Helpguide.org defines human "mental" and "emotional health" as being our perception of all things related to our understanding of "happiness." Moreover, it includes being "self-confident," "self-aware," and of course, being "resilient." Resilient especially under prolonged adversity and duress. In other words, people who are in good "mental and emotional" health" are able to effectively cope with life's challenges and recover from setbacks. However, our "mental and emotional health" is so much more... requires knowledge,
To be mentally and emotionally healthy requires us to have knowledge about ourselves, understanding of our personal faults and personality flaws and being committed to overcoming them. Having said that, a teenager's Mental and Emotional Health is dependent upon many factors, including but not limited to the teen's age, DNA, and upbringing.
Things that affect/effect our Mental and Emotional Health: behavioral problems, personality disorders, anxiety, depression, bipolar, ADD/ADHD, chemical and substance dependence, addiction, PTSD, and oppositional defiance disorder. The top residential treatment programs use a treatment combination of adventure therapy, equine therapy, individual and group counseling, 12-step programs, good nutrition, and other ways to help troubled young people in their path to recovery.
chemical and substance dependence
oppositional defiance disorder
Residential treatment programs use traditional therapy, experiential learning, wilderness therapy, and a strong 12-step program that helps troubled young girls to develop new skills that will better equip them to deal with the challenges of life.
Furthermore, the best RTC's offer treatment for recurring substance and chemical dependency, PTSD, ADD/ADHD, eating disorders, depression, and others. The school offers parents and other family members to participate in the treatment through working out an aftercare strategy
Troubled Girls – Tips for Helping Depressed Teenage Girls
Different studies show that prior to adolescence, the frequency with which boys and girls get depressed are more or less the same. However, the numbers get skewed dramatically when young people reach their adolescent years.
Teen girls seem to be more likely to experience depression than teen boys. According to statistics by Childstats.gov, about 4.7% of teen boys were reported to have at least one major depressive episode in 2009, compared with 11.7% of teenage girls.
Teen Depression Statistics
According to studies, girls are more likely to hold on to negative emotions rather than boys. They are more likely to dwell on what they felt during difficult situations rather than boys who typically find it easier to forget and let go. Troubled girls are also more likely to experience “relationship stress”.
While boys’ top stressor includes athletics, girls’ stressors usually come from romantic relationships, relationships with their peers, and the situation at home. Statistically speaking, girls are also more likely to experience trauma from childhood sexual abuse than boys.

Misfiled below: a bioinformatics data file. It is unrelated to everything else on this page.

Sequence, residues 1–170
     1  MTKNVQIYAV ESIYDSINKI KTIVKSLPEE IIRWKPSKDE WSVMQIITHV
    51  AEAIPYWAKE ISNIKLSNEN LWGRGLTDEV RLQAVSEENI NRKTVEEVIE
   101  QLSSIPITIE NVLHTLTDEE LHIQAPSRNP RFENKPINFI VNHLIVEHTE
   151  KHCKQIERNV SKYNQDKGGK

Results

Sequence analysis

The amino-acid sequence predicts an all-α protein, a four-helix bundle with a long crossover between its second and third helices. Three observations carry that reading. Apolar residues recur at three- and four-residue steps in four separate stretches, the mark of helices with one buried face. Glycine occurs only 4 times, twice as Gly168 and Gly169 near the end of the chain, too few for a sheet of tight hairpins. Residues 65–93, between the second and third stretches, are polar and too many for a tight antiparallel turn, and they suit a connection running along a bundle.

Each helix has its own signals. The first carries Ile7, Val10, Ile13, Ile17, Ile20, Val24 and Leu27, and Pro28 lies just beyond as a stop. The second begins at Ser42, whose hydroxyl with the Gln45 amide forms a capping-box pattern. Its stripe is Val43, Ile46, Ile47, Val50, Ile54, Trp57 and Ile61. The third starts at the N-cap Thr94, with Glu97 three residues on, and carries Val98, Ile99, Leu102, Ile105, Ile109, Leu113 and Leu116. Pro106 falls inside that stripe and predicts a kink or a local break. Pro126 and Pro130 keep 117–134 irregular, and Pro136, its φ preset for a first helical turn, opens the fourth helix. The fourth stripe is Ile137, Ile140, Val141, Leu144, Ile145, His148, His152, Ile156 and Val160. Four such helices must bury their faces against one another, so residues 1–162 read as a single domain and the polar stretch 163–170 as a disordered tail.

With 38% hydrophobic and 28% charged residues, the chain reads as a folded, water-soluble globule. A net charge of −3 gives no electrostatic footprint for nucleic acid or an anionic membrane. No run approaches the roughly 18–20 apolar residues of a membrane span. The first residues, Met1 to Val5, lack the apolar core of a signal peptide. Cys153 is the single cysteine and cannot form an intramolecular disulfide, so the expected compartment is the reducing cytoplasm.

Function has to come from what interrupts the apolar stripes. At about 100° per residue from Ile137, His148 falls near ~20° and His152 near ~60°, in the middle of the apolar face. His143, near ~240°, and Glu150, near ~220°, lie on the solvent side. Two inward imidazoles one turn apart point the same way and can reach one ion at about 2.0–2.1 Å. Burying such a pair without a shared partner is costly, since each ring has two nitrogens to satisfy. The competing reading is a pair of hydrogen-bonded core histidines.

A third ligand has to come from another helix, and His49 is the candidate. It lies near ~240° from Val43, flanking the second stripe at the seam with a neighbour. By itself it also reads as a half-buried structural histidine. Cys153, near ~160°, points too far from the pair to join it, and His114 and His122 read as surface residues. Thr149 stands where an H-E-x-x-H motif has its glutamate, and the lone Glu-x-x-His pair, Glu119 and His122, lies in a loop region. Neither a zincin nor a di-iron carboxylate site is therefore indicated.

Spotting Troubled Girls – Is Your Daughter Depressed?
Detecting depression at an early time is very important because depression can have far-reaching effects in a person’s life. Teens who suffer from depression are more likely to commit suicide than teens who engage in substance abuse or engage in risky behavior. Here are a few indicators of teenage depression:
Being overly emotional – Emotional outbursts can indicate different problems. It’s important to be sensitive to the subtle changes in your teen in order to determine if she’s being more emotional than usual. Depressed teens get easily sad and upset, and they may often appear melancholic and cry a lot.
Social isolation – Again, the key is being sensitive to the changes in your teen. Some teens are just naturally shy and would rather stay home than go out with friends. It’s not necessarily an indicator of depression. However, teens who are normally talking on the phone with friends or spending time with them may be suffering from depression if they suddenly isolate themselves.
More irritable than normal – Many teens who are depressed find themselves more intolerant of stressors and irritation than before. If your teen seem more irritable, hostile, and angry recently, it may be an indicator of depression.
Often physically ill – Depression often results to physical manifestations such as frequent hyperacidity, headaches, muscle pain, and similar kinds of physical issues. Oftentimes, there doesn’t seem to be any other (physiological) cause for these physical discomforts.
Talking about suicide – Over the recent years, more parents have become aware that depressed teens who have suicidal tendencies usually talk about their intended suicide with peers and other family members. If you hear your teen talking about this, even if it appears to be in jest, take it seriously. It’s best to err in the side of caution than ignore it and regret it when the damage has already been done.
Lethargic and uninterested in activities – Depressed, troubled girls are often uninterested in doing the things that used to make them happy. They seem uninterested in interacting with family members, they appear to have no energy for anything. How to help troubled girls with their depression?
Depression changes lives silently and sometimes irrevocably. Parents who see that their teen daughters are depressed often find their efforts to talk to their teens rebuffed and rejected. The key is to be gentle but persistent in your efforts to talk to them. They need to feel safe enough to say what’s really happening with them.